SINCE 1991, the period November 25 to December 10 is set aside to commemorate 16 Days of Activism against Gender-Based Violence (GBV).
In 2022, the international theme for 16 Days of Activism Against GBV is UNITE! Activism to End Violence Against Women and Girls.
Zimbabwe Lawyers for Human Rights (ZLHR) and its partners — Musasa Project, Diocese of Mutare Community Care Programme, Emthonjeni Women’s Forum and Caritas Masvingo — have joined the rest of the world in recognising this important period under the localised theme Enhancing the Inclusion of Youths in the 16 Days of Activism Against Gender-Based Violence.
As organisations that interact with women and girls, ZLHR and its partners are gravely concerned over the growing number of women who are losing their lives due to GBV.
One in three women from all economic and educational backgrounds and sectors of society, are being subjected to GBV.
This includes young women aged between 16-30 years, in their prime years, who should be living fulfilling lives beneficial to them and society at large.
Adolescent girls and young women are suffering from all forms of sexual violence, rape and abuse, and a culture of silencing them has made them even more vulnerable.
Young girls who have not even reached puberty, are being sexually violated and impregnated.
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The abuse was particularly exacerbated by the COVID-19 pandemic, when governments imposed strict lockdowns that restricted movement of people.
During this period, the mental health effects of isolation resulted in increased perpetration of GBV, at a time when there has been greatly restricted access to and provision of services for victims.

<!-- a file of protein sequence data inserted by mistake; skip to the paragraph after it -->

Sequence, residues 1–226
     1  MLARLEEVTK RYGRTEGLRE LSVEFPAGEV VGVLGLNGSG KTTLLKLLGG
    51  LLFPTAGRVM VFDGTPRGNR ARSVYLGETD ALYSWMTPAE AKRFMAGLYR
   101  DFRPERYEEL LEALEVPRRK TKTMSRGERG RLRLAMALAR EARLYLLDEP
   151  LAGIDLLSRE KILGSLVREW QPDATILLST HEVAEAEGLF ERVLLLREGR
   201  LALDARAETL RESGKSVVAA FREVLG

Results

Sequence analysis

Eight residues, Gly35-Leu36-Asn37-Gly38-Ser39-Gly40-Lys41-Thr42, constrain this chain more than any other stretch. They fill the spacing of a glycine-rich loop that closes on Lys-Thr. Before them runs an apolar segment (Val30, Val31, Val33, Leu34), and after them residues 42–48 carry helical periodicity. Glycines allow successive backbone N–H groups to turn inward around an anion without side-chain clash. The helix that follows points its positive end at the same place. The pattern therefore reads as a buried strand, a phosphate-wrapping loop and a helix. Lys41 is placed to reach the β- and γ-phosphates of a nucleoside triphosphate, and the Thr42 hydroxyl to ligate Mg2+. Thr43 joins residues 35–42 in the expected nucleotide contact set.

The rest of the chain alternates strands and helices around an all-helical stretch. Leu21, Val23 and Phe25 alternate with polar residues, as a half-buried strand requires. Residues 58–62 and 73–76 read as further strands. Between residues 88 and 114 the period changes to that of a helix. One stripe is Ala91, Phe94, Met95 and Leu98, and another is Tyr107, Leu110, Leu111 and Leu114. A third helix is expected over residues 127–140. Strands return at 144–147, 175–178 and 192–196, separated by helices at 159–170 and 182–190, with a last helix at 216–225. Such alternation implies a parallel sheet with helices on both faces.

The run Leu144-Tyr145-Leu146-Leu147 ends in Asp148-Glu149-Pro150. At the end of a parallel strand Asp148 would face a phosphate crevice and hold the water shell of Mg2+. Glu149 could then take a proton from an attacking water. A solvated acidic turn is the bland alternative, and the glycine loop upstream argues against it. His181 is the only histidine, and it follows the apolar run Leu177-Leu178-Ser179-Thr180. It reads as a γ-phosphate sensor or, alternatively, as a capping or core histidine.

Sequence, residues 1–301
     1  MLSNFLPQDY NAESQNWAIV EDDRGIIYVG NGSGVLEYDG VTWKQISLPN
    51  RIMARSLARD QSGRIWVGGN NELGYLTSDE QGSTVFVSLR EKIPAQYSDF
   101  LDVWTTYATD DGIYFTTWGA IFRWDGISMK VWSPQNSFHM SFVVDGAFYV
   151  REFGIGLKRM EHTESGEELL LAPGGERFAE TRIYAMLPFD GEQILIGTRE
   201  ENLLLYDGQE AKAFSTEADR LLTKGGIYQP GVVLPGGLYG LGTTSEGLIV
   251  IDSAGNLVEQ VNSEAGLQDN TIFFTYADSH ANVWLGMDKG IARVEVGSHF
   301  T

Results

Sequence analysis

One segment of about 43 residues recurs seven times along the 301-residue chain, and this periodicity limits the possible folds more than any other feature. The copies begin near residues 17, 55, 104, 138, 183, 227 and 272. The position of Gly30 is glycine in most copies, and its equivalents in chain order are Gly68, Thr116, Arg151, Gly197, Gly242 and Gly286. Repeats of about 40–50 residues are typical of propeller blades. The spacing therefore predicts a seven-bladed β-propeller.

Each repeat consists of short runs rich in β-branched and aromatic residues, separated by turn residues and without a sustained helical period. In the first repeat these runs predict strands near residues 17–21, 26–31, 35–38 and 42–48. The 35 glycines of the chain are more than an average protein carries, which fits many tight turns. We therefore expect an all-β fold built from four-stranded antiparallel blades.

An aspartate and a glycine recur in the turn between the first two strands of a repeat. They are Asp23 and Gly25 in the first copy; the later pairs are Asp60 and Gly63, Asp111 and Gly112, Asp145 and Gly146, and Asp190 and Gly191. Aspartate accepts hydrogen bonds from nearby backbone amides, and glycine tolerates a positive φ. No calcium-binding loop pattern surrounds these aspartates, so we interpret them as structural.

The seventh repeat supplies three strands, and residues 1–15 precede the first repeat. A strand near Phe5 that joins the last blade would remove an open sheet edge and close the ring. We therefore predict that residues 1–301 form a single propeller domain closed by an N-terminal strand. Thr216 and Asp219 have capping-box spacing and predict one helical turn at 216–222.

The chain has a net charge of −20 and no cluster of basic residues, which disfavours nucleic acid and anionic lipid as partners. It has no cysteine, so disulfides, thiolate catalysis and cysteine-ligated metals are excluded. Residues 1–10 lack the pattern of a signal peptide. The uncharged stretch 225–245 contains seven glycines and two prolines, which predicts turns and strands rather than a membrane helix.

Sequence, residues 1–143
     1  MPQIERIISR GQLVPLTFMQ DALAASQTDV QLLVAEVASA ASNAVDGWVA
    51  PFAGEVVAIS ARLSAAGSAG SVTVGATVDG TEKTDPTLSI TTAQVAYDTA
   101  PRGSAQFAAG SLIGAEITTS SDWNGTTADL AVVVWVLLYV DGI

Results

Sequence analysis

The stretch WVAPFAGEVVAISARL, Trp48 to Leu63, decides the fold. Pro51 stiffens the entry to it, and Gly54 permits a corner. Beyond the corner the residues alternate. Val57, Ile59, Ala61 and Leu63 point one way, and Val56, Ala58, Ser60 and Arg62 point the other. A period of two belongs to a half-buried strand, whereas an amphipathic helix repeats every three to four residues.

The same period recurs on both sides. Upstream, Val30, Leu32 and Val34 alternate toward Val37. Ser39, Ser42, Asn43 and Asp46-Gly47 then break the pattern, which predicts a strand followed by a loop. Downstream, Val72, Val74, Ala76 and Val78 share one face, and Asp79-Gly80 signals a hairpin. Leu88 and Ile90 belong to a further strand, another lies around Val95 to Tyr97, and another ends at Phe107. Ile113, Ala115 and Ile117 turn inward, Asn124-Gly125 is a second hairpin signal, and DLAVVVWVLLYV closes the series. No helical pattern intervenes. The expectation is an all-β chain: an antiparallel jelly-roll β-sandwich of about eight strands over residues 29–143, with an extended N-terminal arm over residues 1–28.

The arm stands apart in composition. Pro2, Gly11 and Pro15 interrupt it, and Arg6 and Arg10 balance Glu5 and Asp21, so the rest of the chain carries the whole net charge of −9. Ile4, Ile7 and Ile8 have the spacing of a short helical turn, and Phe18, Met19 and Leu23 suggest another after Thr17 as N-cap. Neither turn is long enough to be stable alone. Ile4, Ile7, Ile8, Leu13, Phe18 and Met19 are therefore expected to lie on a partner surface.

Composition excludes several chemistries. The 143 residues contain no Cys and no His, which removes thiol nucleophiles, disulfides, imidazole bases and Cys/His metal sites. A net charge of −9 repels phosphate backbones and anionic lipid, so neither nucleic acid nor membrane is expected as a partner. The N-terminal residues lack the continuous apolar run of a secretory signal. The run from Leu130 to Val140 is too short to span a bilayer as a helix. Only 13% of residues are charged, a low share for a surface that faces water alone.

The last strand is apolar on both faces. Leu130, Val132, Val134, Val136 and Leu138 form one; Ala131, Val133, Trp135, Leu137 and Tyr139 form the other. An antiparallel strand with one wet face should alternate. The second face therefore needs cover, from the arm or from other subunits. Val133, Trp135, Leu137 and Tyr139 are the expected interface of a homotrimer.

Up to now, most communities are still recovering from the effects of the lockdowns.
This year’s commemorations come as ZLHR and its partners are approaching the end of a six-year pilot women empowerment project that was implemented in Insiza, Bikita and Mutasa with the support of Irish Aid.
During the project implementation period ZLHR and its partners noted many challenges faced by survivors of GBV in Zimbabwe.
Women and girls who report domestic violence and sexual offences are facing delayed justice, with cases dragging on in courts without being finalised.
The Zimbabwe Republic Police and social welfare departments are not adequately resourced, resulting in some perpetrators going unpunished.
There are insufficient shelters for women to access the necessary psycho-social services, legal services and economic empowerment trainings and skills required to overcome their harmful situations.
Government departments mandated to address violence against women and girls are also inadequately resourced, resulting in them being unable to respond in certain emergency situations.
This has resulted in the continued loss of lives of women and girls, and the increased pregnancies of teenagers and young girls, too young to even know about sexual relations.
Therefore, in its efforts to UNITE and promote activism to end violence against women and girls, ZLHR calls upon government and other key stakeholders to:
lPromote a culture among all communities that is gender-sensitive, including through increasing awareness of gender responsive laws and policies.
lProvide prompt accessible service provision for survivors, including the provision of shelters, legal aid, psycho-social support and income-generation and livelihood opportunities.
lAvail adequate resources, both human and financial, to government departments mandated to assist in GBV cases, particularly the Social Services Department, ZRP Victim Friendly Unit and the National Prosecuting Authority of Zimbabwe.
lTake practical steps to implement laws against child marriages across the broad spectrum of society. - ZLHR
Zimdollar fragility remains major source of price instability
SINCE the re-introduction of the Zimbabwe dollar in the first half of 2019, authorities have struggled to contain Zimdollar depreciation pressures.
To date, Zimdollar fragility remains the major source of price instability punching such fixed income earners as pensioners the most.
The resultant income imbalance between the poor and the rich widened significantly in the last 48 months through October 2022.
About 70% of the population is now wallowing in poverty, with estimates showing that at least 40% of Zimbabweans are in extreme poverty as households are severely deprived of basic human needs including food, quality sanitation facilities, safe drinking water, housing, education and affordable healthcare.